As Charlie Munger says, if you only have capabilities in one field, such as economics, you will be hamstrung in your intellectual life and unable to view problems through multiple lenses. But as you gain additional mental models, the interaction that occurs magically compounds your ability to solve problems, as Shane Parrish notes in The Great Mental Models 1:

“A latticework is an excellent way to conceptualize mental models, because it demonstrates the reality and value of interconnecting knowledge. The world does not isolate itself into discrete disciplines. We only break it down that way because it makes it easier to study it. But once we learn something, we need to put it back into the complex system in which it occurs. We need to see where it connects to other bits of knowledge, to build our understanding of the whole. This is the value of putting the knowledge contained in mental models into a latticework.”

The Great Mental Models, P. 35

Interconnecting knowledge, built through the habit of reading, results in a latticework that represents exponential returns … and never before in history has it been more accessible for individuals to access all of this knowledge. Clearly, the habit of reading for one hour every evening is one that promises incremental self-improvement that simply compounds over long periods of time without any physical limitations — the sky is the limit and one is never “done” learning.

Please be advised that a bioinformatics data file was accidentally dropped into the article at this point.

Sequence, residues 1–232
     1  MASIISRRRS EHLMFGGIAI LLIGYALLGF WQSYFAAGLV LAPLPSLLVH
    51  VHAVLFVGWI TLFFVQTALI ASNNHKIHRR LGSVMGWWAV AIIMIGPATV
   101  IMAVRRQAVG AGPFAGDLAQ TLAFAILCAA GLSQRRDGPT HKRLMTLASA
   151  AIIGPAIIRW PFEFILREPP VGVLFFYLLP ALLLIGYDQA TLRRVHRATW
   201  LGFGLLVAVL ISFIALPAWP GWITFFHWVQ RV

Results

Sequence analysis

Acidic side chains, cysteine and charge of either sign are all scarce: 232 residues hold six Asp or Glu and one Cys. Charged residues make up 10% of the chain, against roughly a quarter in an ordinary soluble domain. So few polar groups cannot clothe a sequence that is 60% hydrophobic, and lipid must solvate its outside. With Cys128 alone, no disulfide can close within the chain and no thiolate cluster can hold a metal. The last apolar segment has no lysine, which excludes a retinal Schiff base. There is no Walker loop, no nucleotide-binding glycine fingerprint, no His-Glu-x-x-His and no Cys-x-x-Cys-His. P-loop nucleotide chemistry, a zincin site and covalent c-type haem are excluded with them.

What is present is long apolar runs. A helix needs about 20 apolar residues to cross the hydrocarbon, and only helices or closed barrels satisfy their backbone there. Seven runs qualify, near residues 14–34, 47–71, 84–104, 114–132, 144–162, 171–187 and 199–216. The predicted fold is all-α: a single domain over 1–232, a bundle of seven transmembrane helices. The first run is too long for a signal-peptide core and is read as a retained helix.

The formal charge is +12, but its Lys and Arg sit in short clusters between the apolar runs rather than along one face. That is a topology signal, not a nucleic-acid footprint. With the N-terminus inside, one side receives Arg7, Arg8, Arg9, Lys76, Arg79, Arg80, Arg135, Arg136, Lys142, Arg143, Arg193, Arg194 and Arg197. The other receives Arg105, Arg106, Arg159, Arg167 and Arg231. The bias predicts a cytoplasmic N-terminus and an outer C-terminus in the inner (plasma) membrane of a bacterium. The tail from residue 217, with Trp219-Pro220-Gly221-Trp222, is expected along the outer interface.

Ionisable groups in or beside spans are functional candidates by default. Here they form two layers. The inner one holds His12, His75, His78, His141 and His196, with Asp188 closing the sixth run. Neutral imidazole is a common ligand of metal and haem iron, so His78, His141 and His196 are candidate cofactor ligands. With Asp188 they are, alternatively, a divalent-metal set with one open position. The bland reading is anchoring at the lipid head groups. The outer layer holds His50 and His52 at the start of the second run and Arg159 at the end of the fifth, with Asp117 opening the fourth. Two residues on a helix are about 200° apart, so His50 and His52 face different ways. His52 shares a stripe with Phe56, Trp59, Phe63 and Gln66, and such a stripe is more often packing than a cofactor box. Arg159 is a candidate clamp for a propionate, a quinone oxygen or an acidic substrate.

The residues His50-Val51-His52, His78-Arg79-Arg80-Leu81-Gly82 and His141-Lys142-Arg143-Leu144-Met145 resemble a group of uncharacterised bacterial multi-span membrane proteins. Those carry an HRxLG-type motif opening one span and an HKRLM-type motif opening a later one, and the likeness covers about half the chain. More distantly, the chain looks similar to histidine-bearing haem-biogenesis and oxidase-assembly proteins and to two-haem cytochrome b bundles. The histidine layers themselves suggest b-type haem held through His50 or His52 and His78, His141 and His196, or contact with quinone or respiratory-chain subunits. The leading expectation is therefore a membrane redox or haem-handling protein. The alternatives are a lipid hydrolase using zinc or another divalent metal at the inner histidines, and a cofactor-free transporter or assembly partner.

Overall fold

It’s About Who We Are

Regardless of the rate of potential compounding of a habit, we should seek to maximize our chances of benefiting from positive compounding while eliminating or at least minimizing the bad habits that lead to negative compounding. This is the entire purpose of James Clear’s book which I read in two sittings over just a few hours. I would recommend reading the book to benefit from those insights and will not attempt to provide a summary here. However, I do want to highlight one very profound point that Clear makes early in the book.